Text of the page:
“Trials can be transformative for patients and their families, but they have also helped to build and make my career, so that I can give back. I look after my patients better because of the access to knowledge that I’ve had,” says Desai.

Broadening access to treatments remains a key focus for Cancer Trials Australia.

“One of our key achievements has been to improve access to new treatments for Australian cancer patients. Experimental treatments are now available at any time during the patient’s journey. They don’t have to miss out because they don’t live in Melbourne, or because of financial constraints,” says Professor Rosenthal.

“Designing trials requires a seamless, intimate interaction between scientists, clinicians, companies and many others to plan the best way to deliver the trial. It’s a complex process that we have mentored many people through. We have also ensured inclusion of rural and regional sites in studies now and telehealth has enabled new reach for our work,” says Professor Scott.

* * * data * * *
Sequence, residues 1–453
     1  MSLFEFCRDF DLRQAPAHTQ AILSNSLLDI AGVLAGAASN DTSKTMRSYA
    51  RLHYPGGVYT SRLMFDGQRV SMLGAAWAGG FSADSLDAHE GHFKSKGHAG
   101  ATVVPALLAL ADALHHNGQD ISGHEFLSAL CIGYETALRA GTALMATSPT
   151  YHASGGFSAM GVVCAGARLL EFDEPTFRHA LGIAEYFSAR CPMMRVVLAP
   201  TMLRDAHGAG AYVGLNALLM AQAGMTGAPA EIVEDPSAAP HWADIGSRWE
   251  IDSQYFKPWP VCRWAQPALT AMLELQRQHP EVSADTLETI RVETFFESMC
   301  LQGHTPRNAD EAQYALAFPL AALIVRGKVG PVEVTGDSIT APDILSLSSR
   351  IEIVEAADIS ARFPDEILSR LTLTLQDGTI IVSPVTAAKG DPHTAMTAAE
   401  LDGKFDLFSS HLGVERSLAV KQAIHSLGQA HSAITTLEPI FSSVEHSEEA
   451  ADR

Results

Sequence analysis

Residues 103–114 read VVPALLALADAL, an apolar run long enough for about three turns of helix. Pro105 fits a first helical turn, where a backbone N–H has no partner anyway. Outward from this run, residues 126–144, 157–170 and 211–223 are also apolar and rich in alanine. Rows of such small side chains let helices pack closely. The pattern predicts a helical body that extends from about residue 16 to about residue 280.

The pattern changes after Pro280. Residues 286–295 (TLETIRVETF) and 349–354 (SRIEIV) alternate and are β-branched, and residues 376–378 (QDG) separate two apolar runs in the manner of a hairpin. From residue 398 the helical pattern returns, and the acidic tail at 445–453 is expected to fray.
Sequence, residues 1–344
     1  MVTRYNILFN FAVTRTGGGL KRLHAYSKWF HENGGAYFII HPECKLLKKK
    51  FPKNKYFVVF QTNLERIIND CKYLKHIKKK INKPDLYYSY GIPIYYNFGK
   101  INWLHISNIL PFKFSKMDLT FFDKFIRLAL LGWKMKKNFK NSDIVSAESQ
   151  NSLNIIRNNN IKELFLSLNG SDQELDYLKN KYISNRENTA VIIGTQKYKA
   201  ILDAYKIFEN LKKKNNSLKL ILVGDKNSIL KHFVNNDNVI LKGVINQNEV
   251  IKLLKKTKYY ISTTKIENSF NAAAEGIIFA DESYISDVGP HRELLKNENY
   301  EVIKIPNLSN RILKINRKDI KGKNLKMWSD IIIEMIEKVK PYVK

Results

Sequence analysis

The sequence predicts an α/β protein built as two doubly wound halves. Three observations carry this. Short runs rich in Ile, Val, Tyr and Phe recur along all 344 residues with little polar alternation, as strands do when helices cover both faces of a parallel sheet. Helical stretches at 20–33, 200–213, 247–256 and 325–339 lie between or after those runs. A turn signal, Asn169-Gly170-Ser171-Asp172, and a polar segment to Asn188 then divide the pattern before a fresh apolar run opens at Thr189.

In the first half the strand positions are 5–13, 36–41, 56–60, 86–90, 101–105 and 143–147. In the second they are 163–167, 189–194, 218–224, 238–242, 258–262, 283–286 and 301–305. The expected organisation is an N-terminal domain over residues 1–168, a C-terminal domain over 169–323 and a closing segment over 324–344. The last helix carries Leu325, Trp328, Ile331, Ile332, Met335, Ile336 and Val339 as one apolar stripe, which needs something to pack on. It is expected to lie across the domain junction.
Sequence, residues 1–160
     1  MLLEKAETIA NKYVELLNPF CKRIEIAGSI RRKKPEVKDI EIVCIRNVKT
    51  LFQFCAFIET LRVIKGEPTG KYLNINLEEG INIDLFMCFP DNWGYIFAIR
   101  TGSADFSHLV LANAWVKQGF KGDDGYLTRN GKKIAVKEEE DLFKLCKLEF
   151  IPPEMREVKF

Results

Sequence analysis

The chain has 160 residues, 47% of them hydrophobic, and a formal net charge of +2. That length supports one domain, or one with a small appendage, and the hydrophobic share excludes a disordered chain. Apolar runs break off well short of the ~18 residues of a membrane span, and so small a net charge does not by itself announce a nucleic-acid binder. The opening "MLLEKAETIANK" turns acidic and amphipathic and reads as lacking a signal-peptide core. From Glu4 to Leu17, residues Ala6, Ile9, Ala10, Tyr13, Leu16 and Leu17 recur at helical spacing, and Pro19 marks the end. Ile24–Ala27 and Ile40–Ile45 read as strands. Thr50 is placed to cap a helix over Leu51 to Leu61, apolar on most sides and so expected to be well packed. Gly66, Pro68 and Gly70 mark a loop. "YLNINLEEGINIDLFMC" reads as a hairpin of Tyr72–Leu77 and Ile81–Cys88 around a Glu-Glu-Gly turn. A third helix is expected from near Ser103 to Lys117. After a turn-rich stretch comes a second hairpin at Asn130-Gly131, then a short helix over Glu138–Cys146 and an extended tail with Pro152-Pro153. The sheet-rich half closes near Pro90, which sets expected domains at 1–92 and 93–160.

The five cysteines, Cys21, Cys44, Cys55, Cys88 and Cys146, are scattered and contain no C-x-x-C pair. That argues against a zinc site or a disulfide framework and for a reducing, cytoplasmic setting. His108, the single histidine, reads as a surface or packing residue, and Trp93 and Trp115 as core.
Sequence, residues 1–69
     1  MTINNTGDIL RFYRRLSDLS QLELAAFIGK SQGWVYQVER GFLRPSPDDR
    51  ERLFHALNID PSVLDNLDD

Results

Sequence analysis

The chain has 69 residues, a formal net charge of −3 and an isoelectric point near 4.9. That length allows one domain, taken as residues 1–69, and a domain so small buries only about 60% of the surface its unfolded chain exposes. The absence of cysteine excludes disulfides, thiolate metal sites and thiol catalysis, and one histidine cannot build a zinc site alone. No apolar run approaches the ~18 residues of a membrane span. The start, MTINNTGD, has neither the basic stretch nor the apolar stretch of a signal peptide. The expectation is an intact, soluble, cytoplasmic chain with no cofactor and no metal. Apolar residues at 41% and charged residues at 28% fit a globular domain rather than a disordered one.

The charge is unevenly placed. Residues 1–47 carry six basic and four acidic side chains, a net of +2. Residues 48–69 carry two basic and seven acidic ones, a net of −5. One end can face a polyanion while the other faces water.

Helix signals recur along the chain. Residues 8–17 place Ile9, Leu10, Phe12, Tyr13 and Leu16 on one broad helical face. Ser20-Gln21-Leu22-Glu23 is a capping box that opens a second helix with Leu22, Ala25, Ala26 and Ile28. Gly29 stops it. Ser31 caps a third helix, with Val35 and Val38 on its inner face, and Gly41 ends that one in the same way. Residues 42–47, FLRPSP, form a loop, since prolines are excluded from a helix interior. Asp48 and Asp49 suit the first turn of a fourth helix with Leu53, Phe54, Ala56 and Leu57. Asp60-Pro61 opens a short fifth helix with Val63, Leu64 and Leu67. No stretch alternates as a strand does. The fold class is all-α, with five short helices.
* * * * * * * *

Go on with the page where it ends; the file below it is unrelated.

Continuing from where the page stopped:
The future for CTA’s work looks bright.

“Earlier this year we added our first international member, the Auckland City Hospital in New Zealand, so our work is now making impacts beyond Australia,” says CTA’s Chief Executive Officer, Dr Kurt Lackovic.

“Over recent years we have also expanded our support beyond oncology, ensuring a consistency and quality of approach in other therapeutic areas such as cardiology.”

“With the implementation of a national clinical trial governance framework across Australian hospitals in 2021, CTA is well positioned to ensure hospital executives have the necessary oversight of clinical trials, and that thousands more Australian patients will benefit from access to such trials over coming years.”